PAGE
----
Whatever you choose to do now, continue making your own personal films or working on collaborative films with people. You are still growing and have so much to learn about the filmmaking world and craft. Do not be hard on yourself if you are not where you want to be- graduating college is just the beginning if it does not feel like it. It will when you are older.
From here, there are many paths towards where you want to be and it is important that you continue asking yourself who and what you want to be as a filmmaker. If you already know, great! If not, that is okay. There is a whole lifetime ahead of you. Once you discover who you want to be, hold it dearly and keep visualizing it. Visualizing that goal is super valuable and will guide you in that direction.
So you are out of school and have made a couple films? Submit them to film festivals! Get your name out there as much as possible. Films take lots of energy to make so make sure that once you finish one, you give the distribution as much attention as possible. Distribution is a celebration of how far you have gone and invite others to celebrate with you.
Start applying for grants. Your portfolio will help with that. Start applying for film labs such as a the Tribeca Film Lab, Sundance Film Lab, and etc. Film labs are intense camps where you will grow as an artist accompanied with the most experienced mentors and talented colleagues. How did Rachel Morrison (DP of Fruitvale Station and Black Panther) meet Ryan Coogler (Director of Black Panther, Fruitvale Station, Creed, etc)? Through a connection they made at a film lab.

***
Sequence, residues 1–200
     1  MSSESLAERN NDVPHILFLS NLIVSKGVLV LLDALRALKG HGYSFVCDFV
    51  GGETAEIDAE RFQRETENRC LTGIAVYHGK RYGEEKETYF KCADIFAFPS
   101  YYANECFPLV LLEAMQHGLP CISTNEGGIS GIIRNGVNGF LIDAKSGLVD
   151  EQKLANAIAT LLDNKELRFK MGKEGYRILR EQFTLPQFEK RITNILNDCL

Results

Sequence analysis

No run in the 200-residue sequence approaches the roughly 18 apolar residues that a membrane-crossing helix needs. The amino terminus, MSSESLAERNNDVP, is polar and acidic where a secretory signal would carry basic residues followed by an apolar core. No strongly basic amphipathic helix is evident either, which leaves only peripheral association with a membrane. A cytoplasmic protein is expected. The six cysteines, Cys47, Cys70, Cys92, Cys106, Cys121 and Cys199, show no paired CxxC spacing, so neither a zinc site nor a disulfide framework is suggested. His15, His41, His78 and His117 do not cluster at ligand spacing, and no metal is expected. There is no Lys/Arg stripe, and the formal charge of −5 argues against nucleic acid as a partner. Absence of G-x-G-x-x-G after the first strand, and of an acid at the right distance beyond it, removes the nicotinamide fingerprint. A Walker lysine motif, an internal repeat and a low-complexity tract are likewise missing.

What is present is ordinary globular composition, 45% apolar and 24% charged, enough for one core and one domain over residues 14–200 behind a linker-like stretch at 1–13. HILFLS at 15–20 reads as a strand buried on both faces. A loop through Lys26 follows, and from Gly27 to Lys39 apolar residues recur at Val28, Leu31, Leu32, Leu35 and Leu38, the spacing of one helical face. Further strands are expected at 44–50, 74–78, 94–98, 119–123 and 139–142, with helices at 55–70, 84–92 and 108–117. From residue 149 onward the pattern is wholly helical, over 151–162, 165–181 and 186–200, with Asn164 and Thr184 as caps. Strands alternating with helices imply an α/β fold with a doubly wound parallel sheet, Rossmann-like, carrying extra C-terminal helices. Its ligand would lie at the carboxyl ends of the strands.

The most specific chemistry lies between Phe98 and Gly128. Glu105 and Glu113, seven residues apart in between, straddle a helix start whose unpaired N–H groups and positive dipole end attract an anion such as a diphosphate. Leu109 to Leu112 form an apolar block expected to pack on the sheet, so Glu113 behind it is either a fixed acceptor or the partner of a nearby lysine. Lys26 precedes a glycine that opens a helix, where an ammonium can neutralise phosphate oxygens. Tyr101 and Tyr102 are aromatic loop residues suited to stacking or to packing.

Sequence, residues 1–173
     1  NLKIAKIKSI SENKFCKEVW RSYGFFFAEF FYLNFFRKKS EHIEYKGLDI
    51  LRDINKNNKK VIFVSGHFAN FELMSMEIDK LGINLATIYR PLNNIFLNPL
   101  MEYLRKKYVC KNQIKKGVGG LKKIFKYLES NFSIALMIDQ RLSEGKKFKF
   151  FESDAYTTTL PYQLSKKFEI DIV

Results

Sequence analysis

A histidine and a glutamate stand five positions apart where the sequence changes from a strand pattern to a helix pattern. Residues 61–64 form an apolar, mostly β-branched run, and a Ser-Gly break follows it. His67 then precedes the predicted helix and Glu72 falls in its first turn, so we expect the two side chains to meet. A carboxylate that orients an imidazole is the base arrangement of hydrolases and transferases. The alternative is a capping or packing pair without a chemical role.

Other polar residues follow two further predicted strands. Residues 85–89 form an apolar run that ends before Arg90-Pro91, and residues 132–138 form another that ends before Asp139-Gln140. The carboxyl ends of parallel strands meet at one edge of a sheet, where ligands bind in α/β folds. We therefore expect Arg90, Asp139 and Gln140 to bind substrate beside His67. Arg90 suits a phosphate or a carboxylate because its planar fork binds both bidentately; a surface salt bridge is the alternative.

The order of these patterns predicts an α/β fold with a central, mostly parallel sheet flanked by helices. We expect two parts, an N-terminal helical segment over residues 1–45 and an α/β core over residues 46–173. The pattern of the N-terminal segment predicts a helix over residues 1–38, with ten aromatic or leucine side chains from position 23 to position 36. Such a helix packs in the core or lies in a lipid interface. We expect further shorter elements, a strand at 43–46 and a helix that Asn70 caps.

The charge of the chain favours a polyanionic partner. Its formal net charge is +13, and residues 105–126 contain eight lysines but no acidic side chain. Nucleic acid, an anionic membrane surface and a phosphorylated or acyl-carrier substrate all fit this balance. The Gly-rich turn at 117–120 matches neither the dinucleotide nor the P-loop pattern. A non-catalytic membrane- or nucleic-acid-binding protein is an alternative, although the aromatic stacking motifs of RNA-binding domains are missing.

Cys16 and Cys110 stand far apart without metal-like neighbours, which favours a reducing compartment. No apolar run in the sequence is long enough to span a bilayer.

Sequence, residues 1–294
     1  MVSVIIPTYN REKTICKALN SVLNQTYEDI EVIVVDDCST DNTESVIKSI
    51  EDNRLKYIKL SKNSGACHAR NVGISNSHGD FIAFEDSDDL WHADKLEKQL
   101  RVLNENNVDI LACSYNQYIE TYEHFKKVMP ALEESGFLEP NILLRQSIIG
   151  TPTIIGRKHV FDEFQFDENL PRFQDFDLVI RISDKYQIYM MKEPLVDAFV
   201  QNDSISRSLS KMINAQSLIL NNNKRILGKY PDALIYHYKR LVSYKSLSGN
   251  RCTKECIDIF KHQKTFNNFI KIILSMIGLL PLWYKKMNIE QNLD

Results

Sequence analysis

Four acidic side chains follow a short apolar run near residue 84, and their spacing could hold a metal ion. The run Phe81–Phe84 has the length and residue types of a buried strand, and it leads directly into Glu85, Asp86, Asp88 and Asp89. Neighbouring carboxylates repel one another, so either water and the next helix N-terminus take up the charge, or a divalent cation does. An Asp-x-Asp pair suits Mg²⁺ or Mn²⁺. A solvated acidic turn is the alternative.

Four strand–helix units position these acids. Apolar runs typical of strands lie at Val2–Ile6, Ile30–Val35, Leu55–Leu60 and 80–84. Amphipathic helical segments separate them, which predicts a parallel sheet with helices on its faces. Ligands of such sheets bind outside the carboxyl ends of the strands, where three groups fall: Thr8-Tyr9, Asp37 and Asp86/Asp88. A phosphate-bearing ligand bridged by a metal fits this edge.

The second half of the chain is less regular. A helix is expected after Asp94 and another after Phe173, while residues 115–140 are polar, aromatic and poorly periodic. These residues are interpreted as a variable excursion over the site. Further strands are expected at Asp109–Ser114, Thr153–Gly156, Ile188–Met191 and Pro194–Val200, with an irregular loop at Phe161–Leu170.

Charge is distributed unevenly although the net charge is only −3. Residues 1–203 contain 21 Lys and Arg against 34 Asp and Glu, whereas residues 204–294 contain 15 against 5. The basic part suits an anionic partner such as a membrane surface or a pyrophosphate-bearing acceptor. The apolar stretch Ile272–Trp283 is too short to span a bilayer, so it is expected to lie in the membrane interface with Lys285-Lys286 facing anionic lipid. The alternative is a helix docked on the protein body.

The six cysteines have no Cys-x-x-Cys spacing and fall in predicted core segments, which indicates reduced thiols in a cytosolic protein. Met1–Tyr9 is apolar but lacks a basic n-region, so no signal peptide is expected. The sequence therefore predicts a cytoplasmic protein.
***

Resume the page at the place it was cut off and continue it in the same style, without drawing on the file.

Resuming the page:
I once heard from a great mentor that these labs are CATAPULTS into getting your films into the well known film festivals. For example, a film you develop at a Sundance Film Lab will likely get your film in Sundance Film Festival. Once a well known film festival accepts your film, you will start to receive recognition and opportunities.
So film labs are definitely a path to your dreams but in order to get into them, you will need a portfolio and solid descriptions of who you are and where you want to go as a filmmaker.
Another pathway to receive recognition for your work and opportunities to come your way is to make an amazing film that gets into film festivals without the help of labs. If the film is a feature length film, it might be purchased by a broadcaster/online platform. If that happens, you will make lots of money (FINALLY!) and likely, receive on-going opportunities to make work. This pathway has been true for many filmmakers in the past including Berry Jenkins.
There are many pathways depending on your desired role (director, DP, producer). What is important are relationships and that everyday is a step in the direction of your dreams. Learn, grow, question, and explore! And never ever forget to play-
I hope this was helpful and thought provoking- if you have any suggestions or recommendations on what to add/remove, feel free to let me know!
Von voyage, filmmaker!